What are the main growth drivers of Asian economies?
One of the most important factors that determine economy’s long-term growth potential is the working age population growth. Thus, growing working age population consumes more, requires functional infrastructure and uses more services. Demographic factors, however, determine for how long working age population is growing. For example, if large proportion of population is younger than 30 years old, the longer the working age will keep on growing, thus making growth structurally sound and healthy. In table below illustrates different Asian countries working age population growth for the period 2015-2020.
Country Population 2012 (million of people) Working age population growth 2015-2020 % Working age population growth 2015-2020 in absolute terms Philippines 98 10 % 9,8 milj. Malaysia 30 8,5 % 2,6 milj. Vietnam 89 11 % 9,8 milj. India 1210 7,2 % 87,1 milj. Indonesia 245 5,8 % 14,2 milj. Thailand 66 1,2 % 0,8 milj Singapore 5 0,1 % 0,0 milj China 1355 -0,8 % -1,4 milj Korea 50 -2 % -1 milj Taiwan 23 -2,4 % -0,2 milj Japan 127 -4 % -5,1 milj
In South-East Asia labor costs are considerably lower compared to North-Asian countries such as Korea, Taiwan, Japan and China. Thus, FDI (Foreign Direct Investment) flow towards SE-Asia is naturally increasing at healthy pace as new factories are being set up in low-labor cost countries. In addition, a young and growing middle income class is also attracting FDI as companies wish to be closer to the customer.
Infrastructure investments in Asia have been growing steadily but there are large differences between different countries. For example, in North-Asian countries such as Japan, Korea and Taiwan infrastructure is already relatively advanced and infrastructure investment growth rates have slowed down. However, in our focus countries (Indonesia, the Philippines, Vietnam and India) infrastructure needs are very large and long-term in nature. Only in ASEAN countries infra-investments are projected to grow by 12% annually until 2025 – major part of this growth is going to happen in Indonesia due to the fact that after the late 1990s Asian financial crises, Indonesia focused mainly on improving its balance sheet and paying back debt. Thailand, meanwhile, after the Asian financial crises, focused heavily on building infrastructure in order to grow its way out of the crises. Therefore Indonesia’s state of infrastructure is now lagging other parts of SE-Asia.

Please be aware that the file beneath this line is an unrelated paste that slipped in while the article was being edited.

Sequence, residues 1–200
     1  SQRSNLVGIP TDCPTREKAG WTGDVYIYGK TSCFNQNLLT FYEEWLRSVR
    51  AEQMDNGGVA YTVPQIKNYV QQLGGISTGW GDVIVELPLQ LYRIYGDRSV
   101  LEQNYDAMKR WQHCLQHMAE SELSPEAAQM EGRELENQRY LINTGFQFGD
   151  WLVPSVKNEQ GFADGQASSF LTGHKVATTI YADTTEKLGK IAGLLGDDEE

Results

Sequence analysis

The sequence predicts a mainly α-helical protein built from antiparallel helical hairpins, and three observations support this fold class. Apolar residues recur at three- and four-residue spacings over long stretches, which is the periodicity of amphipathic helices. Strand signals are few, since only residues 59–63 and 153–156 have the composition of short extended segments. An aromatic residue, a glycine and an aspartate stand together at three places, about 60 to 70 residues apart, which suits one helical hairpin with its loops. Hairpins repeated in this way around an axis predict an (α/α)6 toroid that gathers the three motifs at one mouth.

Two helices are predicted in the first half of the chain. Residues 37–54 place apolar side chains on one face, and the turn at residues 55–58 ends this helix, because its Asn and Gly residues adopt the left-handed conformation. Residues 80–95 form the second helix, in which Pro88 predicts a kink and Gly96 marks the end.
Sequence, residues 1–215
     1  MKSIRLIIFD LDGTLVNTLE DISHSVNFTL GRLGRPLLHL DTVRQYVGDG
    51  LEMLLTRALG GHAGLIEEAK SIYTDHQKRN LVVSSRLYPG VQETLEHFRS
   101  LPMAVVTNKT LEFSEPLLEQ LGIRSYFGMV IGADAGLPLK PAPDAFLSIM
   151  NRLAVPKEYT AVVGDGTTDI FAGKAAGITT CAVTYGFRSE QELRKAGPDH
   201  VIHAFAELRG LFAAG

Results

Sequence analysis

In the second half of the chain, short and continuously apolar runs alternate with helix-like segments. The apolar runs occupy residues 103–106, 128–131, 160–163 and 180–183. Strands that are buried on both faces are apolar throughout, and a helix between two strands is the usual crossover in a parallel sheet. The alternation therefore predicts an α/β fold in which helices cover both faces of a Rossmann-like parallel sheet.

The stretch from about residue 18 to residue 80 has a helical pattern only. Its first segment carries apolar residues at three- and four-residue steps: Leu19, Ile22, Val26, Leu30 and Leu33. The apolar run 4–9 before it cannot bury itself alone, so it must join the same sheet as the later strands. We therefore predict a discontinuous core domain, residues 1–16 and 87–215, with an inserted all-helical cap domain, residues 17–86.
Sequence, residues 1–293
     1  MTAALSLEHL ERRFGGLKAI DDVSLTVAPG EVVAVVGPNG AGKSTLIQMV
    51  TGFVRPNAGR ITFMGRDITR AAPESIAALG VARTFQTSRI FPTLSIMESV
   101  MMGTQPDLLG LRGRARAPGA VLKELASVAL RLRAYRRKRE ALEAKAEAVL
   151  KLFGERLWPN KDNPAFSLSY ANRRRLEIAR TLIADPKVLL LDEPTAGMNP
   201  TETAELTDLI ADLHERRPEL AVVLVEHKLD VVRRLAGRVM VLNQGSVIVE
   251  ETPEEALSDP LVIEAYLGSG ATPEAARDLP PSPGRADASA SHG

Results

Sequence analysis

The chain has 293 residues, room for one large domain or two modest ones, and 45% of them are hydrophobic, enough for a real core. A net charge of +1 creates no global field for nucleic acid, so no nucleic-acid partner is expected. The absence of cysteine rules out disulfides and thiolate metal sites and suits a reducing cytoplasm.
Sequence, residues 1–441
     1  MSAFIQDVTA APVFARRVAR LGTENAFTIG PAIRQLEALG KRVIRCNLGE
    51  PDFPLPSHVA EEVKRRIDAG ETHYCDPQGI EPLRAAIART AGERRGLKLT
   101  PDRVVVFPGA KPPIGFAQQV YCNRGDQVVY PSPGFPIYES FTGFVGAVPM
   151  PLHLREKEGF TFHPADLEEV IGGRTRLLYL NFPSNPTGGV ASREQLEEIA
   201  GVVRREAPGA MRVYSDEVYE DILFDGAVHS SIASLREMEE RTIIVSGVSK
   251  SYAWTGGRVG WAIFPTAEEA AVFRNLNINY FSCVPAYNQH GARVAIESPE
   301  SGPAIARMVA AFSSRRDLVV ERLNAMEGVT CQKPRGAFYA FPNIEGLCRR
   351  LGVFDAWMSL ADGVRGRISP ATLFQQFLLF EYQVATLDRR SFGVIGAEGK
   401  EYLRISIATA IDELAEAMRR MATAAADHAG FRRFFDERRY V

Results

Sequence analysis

Cement consumption is the key factor to follow in order to know where in the structural growth phase we are. Still a long way to go before the strongest phase slows down.
The first decade of this millennium was characterized by strong global growth, but especially in the western countries this growth was created largely by debt. Now, as we are in the latter part of the second decade of this millennium, global growth rates have decelerated markedly as debt levels reached their peak in the western world while interest expenses are eating away most of the growth. However, in our focus countries in SE-Asia, population is mostly very young, structural growth drivers of the economies are set to create growth irrespective of global demand situation and debt levels are relatively low – thus growth rates have remained relatively stable. We think that countries with large and young population will continue to post healthy growth rates in the foreseeable future.
Members are Indonesia, Thailand, the Philippines, Malaysia, Singapore, Vietnam, Myanmar, Cambodia, Laos and Brunei.
• If ASEAN was one country, it would be the 7th largest economy globally.
• There are more than 660 million people in ASEAN, that is considerably more than in the EU or the US.
• ASEAN labor force is growing annually by 1.6% or by 8.4 million people.
• By far the largest ASEAN member economy is Indonesia , with around 36% share.